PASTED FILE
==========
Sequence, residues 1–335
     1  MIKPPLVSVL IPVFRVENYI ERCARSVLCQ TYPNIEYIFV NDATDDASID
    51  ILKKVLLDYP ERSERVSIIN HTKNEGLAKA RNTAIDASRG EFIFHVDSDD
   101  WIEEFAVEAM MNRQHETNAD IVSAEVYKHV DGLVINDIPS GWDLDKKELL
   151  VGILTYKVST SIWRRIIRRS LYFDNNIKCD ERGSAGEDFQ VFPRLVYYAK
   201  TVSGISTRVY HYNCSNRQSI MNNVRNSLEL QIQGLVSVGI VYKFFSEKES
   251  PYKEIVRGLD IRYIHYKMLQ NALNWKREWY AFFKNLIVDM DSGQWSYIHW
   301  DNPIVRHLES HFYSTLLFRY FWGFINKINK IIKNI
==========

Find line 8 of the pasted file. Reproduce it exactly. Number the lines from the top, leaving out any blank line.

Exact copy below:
   301  DNPIVRHLES HFYSTLLFRY FWGFINKINK IIKNI